Have you ever watched a film or TV show and thought “that’s a really terrible imitation of [brand we’re meant to recognise without it being the actual brand, which they can’t or won’t use for legal and/or commercial reasons]”, for example when a character gets a vague-looking beer out of their fridge or has Fakey-Flakes breakfast cereal on their kitchen table? I definitely have. Sometimes they’re atrocious, not much better than the deliberately generic Acme products in an old cartoon. Some of them are actually not terrible at all; occasionally they’re even quite witty. Real world discount supermarkets like Aldi and Lidl also specialise in these Brand X near-clones. One of the best ones I’ve seen recently was Lidl’s “Neos” (i.e. fake Oreos), whose name and packaging is so brazen I had to laugh at their audacity.
Of course it’s also remarkable and somewhat depressing to realise just how attuned, trained and indoctrinated most of us are to logos, branding and corporate identities. If we weren’t, we wouldn’t be disconcerted or find it funny when somebody does an imitation of these brands, alludes to them, puns with or satirises them.
It stands to reason that it’s somebody’s job to design and make these TV perfect simulacra of consumer goods. One of those somebodies is Independent Studio Services, who have a long list of film and television credits as background and practical prop suppliers. I’ve picked out just a few of their products. There are loads more of these on their site. If like me you’re a bit autistic about things like this, I warn you that following the link may lead to inexplicable episodes of missing time.
A write-up on this subject has been on my site that deals with my work as an artist and writer, because I’ve been sporadically researching it as a potential new film project. I’m repeating and expanding it here because I think the subject is interesting in its own right. It’s another in my series of Suffolk weirdnesses; see also Ipswich smells like space and my visit to the weapons research facility at Orford Ness.
Part of a Staffordshire pottery set exploiting the Red Barn mania: here Corder is enticing Maria into a ridiculously romanticised version of the agricultural barn where he will shortly afterwards murder her and bury her body.
In May 1827, Maria Marten was shot to death by the father of her child, William Corder, at a farm near Polstead in Suffolk. This was and is a bucolic location whose appearance can be judged from the many paintings done of the area by the Suffolk painter John Constable, he of ‘The Hay Wain’, who focused his attention only a few miles east at Dedham and East Bergholt. The illegitimate child had already been disposed of secretly by Marten and Corder. William buried Maria in a shallow grave in a barn on his tenant farm, where she was found accidentally nearly a year later by her own father after he ”put down a mole spike into the floor… and brought up something black, which I smelt and thought it smelt like decayed flesh.” Corder had fled to London, but was eventually caught and hanged.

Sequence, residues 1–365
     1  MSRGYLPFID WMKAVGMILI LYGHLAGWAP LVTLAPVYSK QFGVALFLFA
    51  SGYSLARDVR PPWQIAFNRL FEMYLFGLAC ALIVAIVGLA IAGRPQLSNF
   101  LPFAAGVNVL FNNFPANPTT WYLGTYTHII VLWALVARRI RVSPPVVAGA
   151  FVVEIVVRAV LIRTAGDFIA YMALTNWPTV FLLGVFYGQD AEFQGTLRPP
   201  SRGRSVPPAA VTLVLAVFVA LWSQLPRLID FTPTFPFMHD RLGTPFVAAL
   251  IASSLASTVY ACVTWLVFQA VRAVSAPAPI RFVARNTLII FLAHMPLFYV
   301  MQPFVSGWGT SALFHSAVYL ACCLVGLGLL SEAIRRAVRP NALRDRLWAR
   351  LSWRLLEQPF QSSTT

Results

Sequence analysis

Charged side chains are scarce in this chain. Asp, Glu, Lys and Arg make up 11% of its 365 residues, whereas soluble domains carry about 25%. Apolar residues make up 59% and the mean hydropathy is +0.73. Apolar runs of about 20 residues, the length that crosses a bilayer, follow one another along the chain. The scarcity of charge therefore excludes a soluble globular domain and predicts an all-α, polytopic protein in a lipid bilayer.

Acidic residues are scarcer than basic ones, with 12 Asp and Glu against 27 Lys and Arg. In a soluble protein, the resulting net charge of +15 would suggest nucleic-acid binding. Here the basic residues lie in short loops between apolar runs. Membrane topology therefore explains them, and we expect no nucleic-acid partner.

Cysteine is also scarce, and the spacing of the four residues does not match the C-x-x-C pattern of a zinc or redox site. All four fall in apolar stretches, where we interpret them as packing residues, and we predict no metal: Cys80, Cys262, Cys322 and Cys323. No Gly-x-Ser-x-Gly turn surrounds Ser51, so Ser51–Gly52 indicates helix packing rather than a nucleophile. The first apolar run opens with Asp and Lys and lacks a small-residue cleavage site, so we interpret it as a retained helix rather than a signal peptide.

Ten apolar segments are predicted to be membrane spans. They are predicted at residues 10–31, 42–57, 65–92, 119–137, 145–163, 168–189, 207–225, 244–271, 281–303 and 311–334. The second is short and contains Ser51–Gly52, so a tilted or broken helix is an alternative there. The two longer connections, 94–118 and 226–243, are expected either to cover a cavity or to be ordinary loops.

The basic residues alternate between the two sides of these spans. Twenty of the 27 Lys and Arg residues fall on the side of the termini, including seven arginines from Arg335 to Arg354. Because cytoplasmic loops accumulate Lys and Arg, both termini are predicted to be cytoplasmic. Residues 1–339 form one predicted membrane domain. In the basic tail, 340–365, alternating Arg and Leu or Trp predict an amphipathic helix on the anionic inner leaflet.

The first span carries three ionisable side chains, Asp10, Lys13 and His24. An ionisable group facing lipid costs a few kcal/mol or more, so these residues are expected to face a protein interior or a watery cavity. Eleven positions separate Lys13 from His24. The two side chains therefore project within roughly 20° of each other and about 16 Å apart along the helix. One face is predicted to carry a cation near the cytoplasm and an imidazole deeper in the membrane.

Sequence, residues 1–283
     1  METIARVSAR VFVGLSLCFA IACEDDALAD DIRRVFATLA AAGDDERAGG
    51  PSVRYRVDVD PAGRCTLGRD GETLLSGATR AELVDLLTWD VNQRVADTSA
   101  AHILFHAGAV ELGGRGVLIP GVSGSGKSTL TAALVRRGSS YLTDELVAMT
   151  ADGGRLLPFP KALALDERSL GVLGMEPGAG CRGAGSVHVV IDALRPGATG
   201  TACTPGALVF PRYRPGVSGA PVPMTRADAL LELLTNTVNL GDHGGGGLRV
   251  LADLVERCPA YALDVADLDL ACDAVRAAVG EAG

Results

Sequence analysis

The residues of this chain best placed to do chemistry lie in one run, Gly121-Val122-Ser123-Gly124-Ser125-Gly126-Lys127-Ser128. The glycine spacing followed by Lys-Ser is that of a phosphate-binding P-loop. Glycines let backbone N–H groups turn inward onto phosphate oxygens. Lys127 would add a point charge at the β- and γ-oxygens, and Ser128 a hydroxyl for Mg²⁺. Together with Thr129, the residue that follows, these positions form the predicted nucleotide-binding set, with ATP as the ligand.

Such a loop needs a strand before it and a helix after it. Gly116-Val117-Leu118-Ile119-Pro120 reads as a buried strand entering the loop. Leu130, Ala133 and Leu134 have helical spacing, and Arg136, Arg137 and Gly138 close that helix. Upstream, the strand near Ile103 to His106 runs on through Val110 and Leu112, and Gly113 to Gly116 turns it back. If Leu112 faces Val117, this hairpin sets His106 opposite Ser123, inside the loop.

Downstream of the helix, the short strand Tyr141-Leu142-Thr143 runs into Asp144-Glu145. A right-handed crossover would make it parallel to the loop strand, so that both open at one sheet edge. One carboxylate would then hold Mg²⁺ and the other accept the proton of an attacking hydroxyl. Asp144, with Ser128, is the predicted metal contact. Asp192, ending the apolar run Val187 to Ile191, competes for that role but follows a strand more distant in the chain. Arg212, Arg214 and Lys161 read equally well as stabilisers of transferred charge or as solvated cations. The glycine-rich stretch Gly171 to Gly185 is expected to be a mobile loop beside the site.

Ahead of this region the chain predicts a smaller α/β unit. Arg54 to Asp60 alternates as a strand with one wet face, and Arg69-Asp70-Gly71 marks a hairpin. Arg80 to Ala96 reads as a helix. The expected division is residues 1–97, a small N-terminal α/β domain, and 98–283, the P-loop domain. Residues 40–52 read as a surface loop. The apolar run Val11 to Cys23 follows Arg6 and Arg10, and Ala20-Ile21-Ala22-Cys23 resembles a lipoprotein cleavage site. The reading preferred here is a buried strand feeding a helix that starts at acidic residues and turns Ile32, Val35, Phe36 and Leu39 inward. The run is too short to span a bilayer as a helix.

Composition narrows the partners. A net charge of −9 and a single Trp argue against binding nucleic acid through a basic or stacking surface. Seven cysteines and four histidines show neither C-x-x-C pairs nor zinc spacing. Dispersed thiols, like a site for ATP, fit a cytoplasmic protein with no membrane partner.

“W.CORDER BEFORE THE JUDGE.” (Judge sold separately.)
What makes this typically sordid and revolting murder different from others committed before it is that “The Murder in the Red Barn“ was one of the first whose details were promulgated and elaborated by sensational media reporting of the kind that subsequently became the norm throughout the 19th and 20th centuries and into the 21st, leading to public hysteria and wild overestimations of how widespread murder and violent crime actually are in Britain.* Continue Reading
Or: The horror of Japanese beauty products
Japan is not alone and not a latecomer in being beset by vast and wasteful industries dedicated to manufacturing, marketing and selling pure products, i.e. things that serve no practical purpose other than to separate customers from their money, things meant only be bought, disposed of and then replaced with other equally pointless knick-knacks. Japan is relatively unusual, though, in the sense that it makes virtually no distinction between the matter-of-fact way it markets blow up sex dolls and the matter-of-fact way it markets consumer products that inadvertently make people look exactly like blow up sex dolls.
Say hajime mashite to the Pupeko Anti-Aging Mouthpiece (as seen on TV!), which was apparently invented by “ordinary housewife” [sic] Chikako Hirama. You’re meant to suck and blow through the mouthpiece, and this supposedly firms up your cheeks. Um… yeah. The mind boggles and frankly I don’t even want to know how she invented this in the course of her ordinary housewifery. Ordinary for where, the red light district in Bangkok? Check out the great graphics that go along with it, though: Continue Reading